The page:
MANILA, Philippines – Two lawmakers opposed the bill seeking to grant a 25-year legislative franchise to Solar Para sa Bayan Corporation, which was founded by Senator Loren Legarda’s son, Leandro Leviste.
Nueva Ecija 3rd District Representative Rosanna Vergara and Buhay Representative Lito Atienza opposed House Bill (HB) No. 8179, which was sponsored for 2nd reading by its principal author, Deputy Speaker Arthur Yap, on Wednesday, November 14.
In his speech during the House plenary session, Yap said the Philippines is lagging behind in energy development as World Bank data showed that 2.4 million households or about 12 million Filipinos do not have access to electricity, 58% of whom are from Mindanao.
He then argued that granting the franchise to Leviste’s Solar Para sa Bayan will help address this problem. He said that 200,000 people in 12 towns in 9 provinces have benefited from the company.
“They should be welcomed. They should be celebrated because along the way, they are showing us how the private sector, without any tax breaks, without any subsidies, can power isolated, underserved communities at no cost to the government,” said Yap.
‘Discordant, unfair’ franchise
But Vergara, who was previously chief executive officer of the Cabanatuan Electric Corporation, does not agree. She said HB 8179 would lead to Solar Para sa Bayan monopolizing the sector.
“I believe this Solar Para sa Bayan is not the solution. I, together with a number of representatives in the 17th Congress, finds numerous provisions in this bill to be discordant, unfair, and it effectively creates a monopoly for Solar Para sa Bayan for all solar installations in our country,” said Vergara.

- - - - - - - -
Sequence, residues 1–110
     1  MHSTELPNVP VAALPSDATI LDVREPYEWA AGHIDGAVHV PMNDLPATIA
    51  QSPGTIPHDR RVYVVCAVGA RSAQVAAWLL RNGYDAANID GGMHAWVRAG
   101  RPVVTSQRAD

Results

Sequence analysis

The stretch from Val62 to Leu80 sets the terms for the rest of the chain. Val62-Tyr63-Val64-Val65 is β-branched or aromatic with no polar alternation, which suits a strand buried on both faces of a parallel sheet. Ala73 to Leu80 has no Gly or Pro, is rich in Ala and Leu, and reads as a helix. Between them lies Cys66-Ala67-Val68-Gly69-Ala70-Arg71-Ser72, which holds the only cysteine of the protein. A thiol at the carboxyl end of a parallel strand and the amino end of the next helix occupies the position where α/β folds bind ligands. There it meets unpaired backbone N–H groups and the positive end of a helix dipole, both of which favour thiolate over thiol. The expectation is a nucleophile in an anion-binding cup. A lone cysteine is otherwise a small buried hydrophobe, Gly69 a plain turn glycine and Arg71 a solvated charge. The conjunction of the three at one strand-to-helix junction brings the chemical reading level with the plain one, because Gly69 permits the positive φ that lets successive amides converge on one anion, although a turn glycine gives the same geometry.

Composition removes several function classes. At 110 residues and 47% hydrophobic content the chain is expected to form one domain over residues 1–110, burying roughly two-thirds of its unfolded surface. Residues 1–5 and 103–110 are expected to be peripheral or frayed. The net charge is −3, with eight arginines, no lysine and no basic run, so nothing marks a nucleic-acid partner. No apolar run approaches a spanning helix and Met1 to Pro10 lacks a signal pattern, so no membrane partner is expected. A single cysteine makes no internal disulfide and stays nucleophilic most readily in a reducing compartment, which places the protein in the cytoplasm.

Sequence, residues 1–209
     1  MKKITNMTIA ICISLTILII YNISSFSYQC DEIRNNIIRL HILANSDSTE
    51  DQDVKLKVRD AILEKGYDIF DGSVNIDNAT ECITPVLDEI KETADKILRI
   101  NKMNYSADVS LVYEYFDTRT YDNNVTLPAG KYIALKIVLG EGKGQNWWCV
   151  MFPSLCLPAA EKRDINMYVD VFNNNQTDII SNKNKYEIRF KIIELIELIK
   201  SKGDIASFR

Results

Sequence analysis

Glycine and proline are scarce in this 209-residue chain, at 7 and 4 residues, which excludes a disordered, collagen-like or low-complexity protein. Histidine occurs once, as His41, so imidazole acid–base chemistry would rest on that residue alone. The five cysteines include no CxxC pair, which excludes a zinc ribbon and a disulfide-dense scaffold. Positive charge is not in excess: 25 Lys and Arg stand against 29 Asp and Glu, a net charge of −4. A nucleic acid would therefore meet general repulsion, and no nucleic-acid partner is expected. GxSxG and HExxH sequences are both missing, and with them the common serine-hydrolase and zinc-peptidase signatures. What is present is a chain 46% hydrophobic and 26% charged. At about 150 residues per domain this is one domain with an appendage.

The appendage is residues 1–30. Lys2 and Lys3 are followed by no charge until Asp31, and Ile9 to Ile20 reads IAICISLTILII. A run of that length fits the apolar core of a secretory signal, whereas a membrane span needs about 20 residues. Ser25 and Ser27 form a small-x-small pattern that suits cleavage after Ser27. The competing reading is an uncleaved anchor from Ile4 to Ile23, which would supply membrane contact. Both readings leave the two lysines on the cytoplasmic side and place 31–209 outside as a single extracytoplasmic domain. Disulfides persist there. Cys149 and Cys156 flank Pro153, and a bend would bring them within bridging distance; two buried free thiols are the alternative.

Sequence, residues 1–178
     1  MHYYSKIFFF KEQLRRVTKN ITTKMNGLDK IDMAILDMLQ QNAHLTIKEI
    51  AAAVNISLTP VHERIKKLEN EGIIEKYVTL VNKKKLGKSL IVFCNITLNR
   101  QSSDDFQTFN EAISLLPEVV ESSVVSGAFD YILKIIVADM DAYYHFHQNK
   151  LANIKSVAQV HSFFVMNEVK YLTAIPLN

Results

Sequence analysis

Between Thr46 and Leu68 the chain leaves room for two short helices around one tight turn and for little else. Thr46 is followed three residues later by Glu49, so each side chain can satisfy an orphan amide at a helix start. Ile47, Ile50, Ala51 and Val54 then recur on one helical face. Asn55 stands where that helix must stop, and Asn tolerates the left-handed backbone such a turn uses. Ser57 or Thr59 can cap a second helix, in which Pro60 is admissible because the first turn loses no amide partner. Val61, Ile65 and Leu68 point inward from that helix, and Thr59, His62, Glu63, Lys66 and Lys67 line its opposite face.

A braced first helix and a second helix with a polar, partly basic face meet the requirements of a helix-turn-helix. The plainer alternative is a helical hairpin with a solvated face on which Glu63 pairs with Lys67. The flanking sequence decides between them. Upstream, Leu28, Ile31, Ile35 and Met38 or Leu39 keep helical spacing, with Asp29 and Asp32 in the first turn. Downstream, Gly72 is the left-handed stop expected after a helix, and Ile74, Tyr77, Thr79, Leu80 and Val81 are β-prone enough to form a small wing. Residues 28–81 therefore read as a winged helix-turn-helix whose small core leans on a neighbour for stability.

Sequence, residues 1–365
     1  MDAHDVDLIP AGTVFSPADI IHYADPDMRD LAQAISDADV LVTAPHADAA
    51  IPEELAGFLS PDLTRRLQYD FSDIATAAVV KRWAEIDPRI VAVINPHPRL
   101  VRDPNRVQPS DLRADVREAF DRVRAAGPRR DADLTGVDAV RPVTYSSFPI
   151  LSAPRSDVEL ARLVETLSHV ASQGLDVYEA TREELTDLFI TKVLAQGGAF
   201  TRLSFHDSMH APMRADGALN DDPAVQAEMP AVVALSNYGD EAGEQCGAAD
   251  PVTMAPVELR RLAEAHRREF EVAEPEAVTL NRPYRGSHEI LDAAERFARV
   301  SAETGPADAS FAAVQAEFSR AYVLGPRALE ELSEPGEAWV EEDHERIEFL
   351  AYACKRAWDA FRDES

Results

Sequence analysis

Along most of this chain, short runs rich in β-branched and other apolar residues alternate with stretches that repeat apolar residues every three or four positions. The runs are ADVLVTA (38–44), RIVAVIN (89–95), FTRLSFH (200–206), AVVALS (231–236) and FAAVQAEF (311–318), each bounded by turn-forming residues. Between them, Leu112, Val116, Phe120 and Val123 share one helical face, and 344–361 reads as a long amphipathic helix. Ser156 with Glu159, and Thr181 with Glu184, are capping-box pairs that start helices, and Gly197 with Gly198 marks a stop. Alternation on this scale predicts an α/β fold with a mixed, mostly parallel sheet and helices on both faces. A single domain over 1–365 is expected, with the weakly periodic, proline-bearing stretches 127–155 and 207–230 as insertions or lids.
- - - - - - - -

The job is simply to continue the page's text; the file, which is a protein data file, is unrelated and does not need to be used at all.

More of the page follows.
She then asked Yap if the measure may be returned to the committee on legislative franchises so lawmakers can further discuss their issues with the bill.
Yap disagreed, saying the plenary deliberations will already serve that purpose. He also denied HB 8179 would cause a Solar Para sa Bayan monopoly.
“The reverse will happen. If the power is not given to this franchise, this franchise will be discriminated against. It is basically an equal protection for all these franchises if this provision is allowed to remain,” said Yap.
He also said that Solar Para sa Bayan would not be allowed to enter other franchise areas, except if such areas are abandoned or if the company intends to enter an area that is underserved or unserved.
“So let us be very clear that this franchise will not give Solar Para sa Bayan the authority to just enter any franchise area. And the Department of Energy will continue to exercise control over [the] areas it will be allowed to operate under those requirements,” he added.
Meeting with private sector companies
Atienza then spoke up and asked Yap to put into writing some of the suggestions from private sector companies with whom Yap met earlier on Wednesday. Yap said he supposedly agreed to some suggested amendments by these companies.
Atienza is among 15 lawmakers who filed a resolution opposing HB 8179 and calling for its return to the legislative franchises panel for further deliberations.
Those legislators argued that several provisions under HB 8179 are unconstitutional and are contrary to the provisions of Republic Act No. 9136 or the Electric Power Industry Reform Act.
“We, speaking on behalf of the consumers, are also being maligned, saying that we are nothing but obstructionists and we are even tormentors. Tormenting who?” asked Atienza.
“True, we need to lower the price of electricity. Dapat po talaga ‘yan ang asikasuhin ng lahat. Pero ang solusyon ba ang prangkisang ito? (We really need to do that. But is this franchise the answer?)” he added.
Yap merely repeated his response to Vergara. Plenary deliberations on HB 8179 were then suspended on Wednesday and will likely resume on Monday, November 19. – Rappler.com